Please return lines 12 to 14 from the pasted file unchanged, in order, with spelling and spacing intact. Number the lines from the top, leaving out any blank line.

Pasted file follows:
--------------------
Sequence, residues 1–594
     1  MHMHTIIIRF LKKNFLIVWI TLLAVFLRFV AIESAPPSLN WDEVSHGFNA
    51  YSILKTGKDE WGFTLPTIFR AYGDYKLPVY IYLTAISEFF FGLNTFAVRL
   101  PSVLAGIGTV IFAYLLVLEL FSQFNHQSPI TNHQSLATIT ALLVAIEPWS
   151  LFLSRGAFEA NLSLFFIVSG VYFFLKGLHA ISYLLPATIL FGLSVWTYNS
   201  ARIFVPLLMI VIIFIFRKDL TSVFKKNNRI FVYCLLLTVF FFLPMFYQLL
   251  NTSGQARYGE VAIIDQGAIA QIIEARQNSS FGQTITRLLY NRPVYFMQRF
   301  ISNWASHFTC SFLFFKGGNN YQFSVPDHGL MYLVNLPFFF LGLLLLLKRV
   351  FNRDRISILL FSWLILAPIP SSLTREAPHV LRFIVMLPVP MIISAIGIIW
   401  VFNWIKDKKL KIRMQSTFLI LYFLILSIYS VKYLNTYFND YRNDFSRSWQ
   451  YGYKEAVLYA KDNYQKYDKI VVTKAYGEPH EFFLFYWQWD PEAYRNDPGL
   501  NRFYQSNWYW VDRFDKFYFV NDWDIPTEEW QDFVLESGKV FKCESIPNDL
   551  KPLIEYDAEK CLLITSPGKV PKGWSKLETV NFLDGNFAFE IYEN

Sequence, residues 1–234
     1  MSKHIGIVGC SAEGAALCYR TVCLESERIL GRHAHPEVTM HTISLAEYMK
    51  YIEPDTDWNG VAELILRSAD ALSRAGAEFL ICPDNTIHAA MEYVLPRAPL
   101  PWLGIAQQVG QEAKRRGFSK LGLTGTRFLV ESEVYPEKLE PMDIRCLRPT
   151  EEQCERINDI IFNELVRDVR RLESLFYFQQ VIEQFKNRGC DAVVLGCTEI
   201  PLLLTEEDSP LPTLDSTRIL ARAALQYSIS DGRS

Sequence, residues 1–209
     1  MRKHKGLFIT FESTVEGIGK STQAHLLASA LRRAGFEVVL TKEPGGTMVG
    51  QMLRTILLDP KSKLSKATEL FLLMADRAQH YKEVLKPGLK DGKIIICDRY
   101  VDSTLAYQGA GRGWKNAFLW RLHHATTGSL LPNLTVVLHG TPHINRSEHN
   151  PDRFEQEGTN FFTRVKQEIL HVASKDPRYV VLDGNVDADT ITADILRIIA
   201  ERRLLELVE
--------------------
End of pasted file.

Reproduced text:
   501  NRFYQSNWYW VDRFDKFYFV NDWDIPTEEW QDFVLESGKV FKCESIPNDL
   551  KPLIEYDAEK CLLITSPGKV PKGWSKLETV NFLDGNFAFE IYEN

Sequence, residues 1–234